By getting comfortable with modifications from the beginning, you will have a much deeper understanding of what your body can do comfortably, and when to take it back a notch. This will benefit your yoga practice throughout your life and you will have a much more fulfilling relationship with yoga in general.
Struggle Brings Out the Important Things
Who has time to worry about how their butt looks or if their new yoga pants are trendy enough when you’re putting every ounce of your attention on nailing that tricky asana? A little bit of a struggle can be a great thing. We only grow when we struggle and accept challenges, and our minds and bodies benefit from these changes.
By joining a yoga class that challenges you, you are more actively aware and involved in the moment. Your thoughts will drift less as you focus on nailing your pose or smoothly making that transition. The struggle helps you focus intently and put away silly vanities or the ever-chattering monkey-mind.
Your Focus is Brought Inward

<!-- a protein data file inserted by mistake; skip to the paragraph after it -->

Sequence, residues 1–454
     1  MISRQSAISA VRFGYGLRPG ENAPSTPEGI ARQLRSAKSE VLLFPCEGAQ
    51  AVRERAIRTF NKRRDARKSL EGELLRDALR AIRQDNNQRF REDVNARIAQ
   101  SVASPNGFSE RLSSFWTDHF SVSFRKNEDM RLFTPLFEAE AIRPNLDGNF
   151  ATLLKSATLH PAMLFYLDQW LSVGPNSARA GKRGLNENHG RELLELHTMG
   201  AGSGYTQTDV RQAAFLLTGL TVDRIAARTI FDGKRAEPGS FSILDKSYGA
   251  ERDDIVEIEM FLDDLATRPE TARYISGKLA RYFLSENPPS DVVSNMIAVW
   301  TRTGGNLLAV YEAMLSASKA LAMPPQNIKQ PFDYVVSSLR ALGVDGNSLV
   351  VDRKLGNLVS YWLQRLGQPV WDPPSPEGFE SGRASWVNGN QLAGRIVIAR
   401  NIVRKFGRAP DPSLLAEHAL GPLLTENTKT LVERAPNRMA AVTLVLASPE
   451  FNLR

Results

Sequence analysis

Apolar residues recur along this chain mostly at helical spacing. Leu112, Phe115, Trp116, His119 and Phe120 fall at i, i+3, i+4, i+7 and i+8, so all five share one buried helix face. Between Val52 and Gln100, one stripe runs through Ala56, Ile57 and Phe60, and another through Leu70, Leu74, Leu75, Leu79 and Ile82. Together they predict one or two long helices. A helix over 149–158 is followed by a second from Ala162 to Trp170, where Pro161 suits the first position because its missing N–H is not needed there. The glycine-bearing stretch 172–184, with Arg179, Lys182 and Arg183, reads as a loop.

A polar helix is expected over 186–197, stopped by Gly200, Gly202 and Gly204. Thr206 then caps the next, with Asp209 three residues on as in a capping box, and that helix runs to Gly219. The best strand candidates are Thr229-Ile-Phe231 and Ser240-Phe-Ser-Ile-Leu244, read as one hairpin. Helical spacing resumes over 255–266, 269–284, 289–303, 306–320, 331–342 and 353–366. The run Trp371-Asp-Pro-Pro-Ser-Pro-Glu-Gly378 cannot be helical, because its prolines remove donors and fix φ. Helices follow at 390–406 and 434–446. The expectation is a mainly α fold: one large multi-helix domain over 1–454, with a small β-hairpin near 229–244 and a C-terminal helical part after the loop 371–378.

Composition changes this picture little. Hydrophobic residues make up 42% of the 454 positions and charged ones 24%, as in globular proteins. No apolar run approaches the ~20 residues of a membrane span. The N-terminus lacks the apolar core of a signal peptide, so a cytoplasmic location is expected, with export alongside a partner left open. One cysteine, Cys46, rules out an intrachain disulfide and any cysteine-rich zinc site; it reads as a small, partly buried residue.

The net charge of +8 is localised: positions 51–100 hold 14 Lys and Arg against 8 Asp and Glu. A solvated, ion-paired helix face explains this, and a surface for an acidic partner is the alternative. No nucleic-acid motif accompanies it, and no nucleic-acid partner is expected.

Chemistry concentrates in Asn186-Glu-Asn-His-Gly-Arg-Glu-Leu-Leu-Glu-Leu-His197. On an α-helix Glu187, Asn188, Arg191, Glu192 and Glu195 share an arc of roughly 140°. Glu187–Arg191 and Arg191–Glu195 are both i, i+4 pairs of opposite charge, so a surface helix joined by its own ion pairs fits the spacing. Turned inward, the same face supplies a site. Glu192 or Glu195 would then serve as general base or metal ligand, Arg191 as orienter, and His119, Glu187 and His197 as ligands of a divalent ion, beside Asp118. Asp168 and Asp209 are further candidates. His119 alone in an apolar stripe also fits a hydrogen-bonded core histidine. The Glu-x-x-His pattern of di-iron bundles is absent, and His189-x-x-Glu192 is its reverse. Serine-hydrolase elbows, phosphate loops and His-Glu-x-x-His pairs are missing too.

While yoga is very much an exercise in bringing your focus inward, it is easier said than done. Our eyes often wander to our neighbors or even our reflection in the mirror along the wall. We may jump to other thoughts on how well we are performing or how we feel about the way we look.
When you are the ‘worst’ in class, there’s no need to even worry about perfection here. With no chance of competing for the most elegant in class, you can focus on how your body feels and what it really needs. Devote your full attention to how your body moves and feels in each moment. Notice the areas where there is tension as you make your way through your session with great focus. There’s no need to be worrying about your poses look like, so your attention is within you and your own body. Release any outside expectations you have of yourself and feel the freedom that follows.
Learn From Others
If you catch yourself looking around the room and comparing yourself to other students, instead of judging yourself against others, look to see who you most admire. Is there someone who seamlessly transitions through their chaturangas or who has amazing stability in their balance poses? Pull them aside after class and ask them what helped them the most when they were beginning their practice and any advice they might have for you. Each person has their own unique journey in yoga and everyone will have something to share. Plus, your compliment will likely boost their day!